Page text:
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December, 2021


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Changing causes and impacts of unwanted fires in our forest and rural landscapes

Commercial forests and climate change are regularly cited as contributors to an increase in  unwanted rural fires in New Zealand. However, evidence suggests other factors are exacerbating the causes and impacts of fires. The New Zealand Institute of Forestry is  concerned. It is calling for current Crown land management policies to be re-examined to  improve prevention rather than cure.  

For the past decade throughout New Zealand, significant unwanted fires have originated  beyond forests, but impacted our forest lands. Examples include the 2017 Christchurch Port  Hills fires (suspected cause being ignition by powerlines) and in 2019, the Pigeon Valley fire  in Tasman district (started on farmland by cultivation activities in extreme fire hazard  conditions) which spread to an adjacent commercial forest. In October 2020, the Lake Ohau  fire’s suspected cause of ignition was powerlines again. This fire spread into areas of unmanaged wilding pine. In August 2020, Lake Pukaki region saw a fire spread to unmanaged  wilding pines – that fire originated from a campfire.  

A 2020 research project assessed New Zealand’s historical fire weather behaviour indices  (such as fire rate of spread, drought levels and fuel available to burn). It found these had barely changed over the last four decades. But the management of land use has changed. For  example, in the Lake Ohau and Lake Pukaki areas wilding pines are well established. Other  examples of changes to land use include the removal of grazing from tussock grasslands in  Central Otago and inland Canterbury. Fuel loadings on tussock grassland have increased, as  lands under tenure review have been retired from grazing. One such example is the 2019 Te Papanui Conservation Park near Middlemarch, where more than 5,000 hectares of tussock  grasslands were burnt.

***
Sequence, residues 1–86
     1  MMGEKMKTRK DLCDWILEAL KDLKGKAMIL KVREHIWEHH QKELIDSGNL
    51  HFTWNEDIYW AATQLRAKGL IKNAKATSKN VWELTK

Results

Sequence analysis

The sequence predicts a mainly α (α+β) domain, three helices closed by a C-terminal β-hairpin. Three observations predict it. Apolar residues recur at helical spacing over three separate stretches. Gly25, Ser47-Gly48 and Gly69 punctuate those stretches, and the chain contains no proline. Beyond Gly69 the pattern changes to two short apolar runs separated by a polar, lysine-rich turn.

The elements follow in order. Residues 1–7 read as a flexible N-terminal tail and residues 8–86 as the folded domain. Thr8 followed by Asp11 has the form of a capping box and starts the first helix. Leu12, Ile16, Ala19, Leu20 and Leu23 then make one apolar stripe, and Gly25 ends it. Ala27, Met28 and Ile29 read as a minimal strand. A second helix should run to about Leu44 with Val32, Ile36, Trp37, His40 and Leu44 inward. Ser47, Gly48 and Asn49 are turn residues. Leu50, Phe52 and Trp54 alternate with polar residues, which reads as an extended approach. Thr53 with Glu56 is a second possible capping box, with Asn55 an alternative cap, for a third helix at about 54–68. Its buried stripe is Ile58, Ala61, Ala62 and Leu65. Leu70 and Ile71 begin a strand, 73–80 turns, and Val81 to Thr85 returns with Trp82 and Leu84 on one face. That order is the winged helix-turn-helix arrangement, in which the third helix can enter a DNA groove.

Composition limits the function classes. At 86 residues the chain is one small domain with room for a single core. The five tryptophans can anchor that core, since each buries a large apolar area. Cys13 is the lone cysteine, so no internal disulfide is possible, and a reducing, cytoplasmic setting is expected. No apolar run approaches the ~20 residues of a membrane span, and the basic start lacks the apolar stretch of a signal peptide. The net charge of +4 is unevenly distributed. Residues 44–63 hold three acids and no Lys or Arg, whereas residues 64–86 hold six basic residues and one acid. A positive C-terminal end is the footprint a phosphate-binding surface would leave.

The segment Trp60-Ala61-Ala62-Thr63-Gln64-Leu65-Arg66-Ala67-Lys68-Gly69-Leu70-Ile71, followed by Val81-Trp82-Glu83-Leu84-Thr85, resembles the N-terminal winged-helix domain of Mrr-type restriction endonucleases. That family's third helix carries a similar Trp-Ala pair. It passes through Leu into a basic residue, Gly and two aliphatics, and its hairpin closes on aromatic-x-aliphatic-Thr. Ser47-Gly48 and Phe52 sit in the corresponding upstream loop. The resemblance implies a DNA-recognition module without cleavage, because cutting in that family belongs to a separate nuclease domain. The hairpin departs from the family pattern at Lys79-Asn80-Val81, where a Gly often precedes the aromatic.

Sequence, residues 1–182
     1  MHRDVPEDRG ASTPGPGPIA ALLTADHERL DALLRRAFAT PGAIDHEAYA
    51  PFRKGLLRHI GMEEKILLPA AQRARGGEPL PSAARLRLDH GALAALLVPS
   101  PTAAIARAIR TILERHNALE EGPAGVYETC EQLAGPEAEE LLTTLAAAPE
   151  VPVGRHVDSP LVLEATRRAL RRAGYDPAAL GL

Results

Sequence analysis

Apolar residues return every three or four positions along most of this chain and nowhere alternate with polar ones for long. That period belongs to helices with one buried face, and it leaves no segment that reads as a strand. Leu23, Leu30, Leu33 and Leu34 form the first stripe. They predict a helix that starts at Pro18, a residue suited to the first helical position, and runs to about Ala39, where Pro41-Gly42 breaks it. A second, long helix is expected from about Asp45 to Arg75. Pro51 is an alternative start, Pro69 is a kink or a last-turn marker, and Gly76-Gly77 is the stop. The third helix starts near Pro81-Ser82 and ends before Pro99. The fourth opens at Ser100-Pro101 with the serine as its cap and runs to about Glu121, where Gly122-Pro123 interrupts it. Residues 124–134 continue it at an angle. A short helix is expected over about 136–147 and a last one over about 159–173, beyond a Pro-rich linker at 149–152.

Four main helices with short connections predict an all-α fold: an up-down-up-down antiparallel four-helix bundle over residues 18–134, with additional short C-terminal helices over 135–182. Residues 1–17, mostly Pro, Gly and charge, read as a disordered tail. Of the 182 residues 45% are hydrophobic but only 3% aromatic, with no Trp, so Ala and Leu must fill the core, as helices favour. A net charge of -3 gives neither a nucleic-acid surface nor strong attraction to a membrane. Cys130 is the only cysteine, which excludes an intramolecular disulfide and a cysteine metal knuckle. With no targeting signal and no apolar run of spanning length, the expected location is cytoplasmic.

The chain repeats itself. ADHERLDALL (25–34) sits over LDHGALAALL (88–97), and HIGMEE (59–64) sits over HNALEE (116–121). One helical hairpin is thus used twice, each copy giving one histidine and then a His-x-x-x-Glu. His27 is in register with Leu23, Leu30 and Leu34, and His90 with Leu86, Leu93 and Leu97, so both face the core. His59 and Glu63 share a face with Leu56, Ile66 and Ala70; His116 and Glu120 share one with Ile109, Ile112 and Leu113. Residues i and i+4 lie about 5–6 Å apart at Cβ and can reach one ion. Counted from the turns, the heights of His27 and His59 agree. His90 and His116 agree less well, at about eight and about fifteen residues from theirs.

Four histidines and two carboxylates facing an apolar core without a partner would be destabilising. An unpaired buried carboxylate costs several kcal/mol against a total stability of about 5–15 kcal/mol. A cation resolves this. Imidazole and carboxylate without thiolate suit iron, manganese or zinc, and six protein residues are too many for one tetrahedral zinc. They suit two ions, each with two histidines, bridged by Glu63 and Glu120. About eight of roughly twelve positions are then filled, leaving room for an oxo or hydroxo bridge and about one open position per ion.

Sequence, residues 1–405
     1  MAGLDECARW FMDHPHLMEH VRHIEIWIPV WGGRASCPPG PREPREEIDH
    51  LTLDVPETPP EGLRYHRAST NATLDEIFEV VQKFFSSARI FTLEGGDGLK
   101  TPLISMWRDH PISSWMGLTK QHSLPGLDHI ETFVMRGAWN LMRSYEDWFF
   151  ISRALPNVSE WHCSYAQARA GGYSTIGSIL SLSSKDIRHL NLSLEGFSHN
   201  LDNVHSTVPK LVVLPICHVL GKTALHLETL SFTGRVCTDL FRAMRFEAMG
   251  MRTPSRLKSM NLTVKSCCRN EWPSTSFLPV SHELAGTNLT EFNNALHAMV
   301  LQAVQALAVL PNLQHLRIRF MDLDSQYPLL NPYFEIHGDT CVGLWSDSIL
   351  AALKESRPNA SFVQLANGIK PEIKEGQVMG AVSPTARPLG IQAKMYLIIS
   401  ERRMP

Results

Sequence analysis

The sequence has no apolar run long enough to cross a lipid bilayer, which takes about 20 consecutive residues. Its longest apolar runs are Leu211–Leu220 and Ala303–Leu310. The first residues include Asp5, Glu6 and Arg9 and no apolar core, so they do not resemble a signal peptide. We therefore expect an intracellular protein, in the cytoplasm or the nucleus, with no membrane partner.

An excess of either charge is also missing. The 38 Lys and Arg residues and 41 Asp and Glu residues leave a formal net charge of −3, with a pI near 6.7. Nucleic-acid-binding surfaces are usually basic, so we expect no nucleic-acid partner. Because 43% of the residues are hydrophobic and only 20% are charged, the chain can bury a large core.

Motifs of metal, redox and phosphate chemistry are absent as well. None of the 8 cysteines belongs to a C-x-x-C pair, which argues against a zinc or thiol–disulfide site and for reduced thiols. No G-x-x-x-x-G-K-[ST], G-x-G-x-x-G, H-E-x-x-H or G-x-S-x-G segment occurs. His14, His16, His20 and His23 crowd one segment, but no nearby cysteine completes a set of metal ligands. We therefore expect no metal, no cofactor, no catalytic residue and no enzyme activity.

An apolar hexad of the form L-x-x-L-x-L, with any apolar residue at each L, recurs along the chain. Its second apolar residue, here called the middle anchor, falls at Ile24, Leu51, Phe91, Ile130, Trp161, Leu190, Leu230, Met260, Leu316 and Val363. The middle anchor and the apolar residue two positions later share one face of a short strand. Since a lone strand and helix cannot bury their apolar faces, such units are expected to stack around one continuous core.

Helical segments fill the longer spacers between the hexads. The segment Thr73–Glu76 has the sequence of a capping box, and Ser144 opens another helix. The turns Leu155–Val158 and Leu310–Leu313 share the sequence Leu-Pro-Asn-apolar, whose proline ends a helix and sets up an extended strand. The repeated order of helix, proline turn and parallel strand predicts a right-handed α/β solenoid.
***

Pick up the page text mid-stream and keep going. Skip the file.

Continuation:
Unlike other countries, the Department of Conservation has no plans to reduce fuel loadings  on the Crown tussock grasslands through controlled burns. Following the extreme 2019/20 bush fires in Australia, an official inquiry received submissions. Australia’s Institute of  Foresters submission pointed to the misguided focus of fire suppression strategies.  

New Zealand’s Institute of Forestry concurs with the Australian Institute’s view: it’s about  greater prevention efforts. President James Treadwell says “We believe New Zealand must  focus on reducing the incidence and impacts of unwanted fire through better land  management practices. Changes like fuel reduction burning, restrictions or prohibition of  high-risk activities during very high or extreme fire danger periods, and further research to  support a science-based approach to risk reduction and readiness, will get better results.”

Until the increased exposure to unwanted fires in the forest and rural landscape is minimised  through better land management practices, New Zealand will continue to see a build-up of  fuel loadings in the hill and high country landscape. Unwanted fires will continue to damage  our rural landscape and be costly to extinguish. A review in land management practices is  urgently required. 

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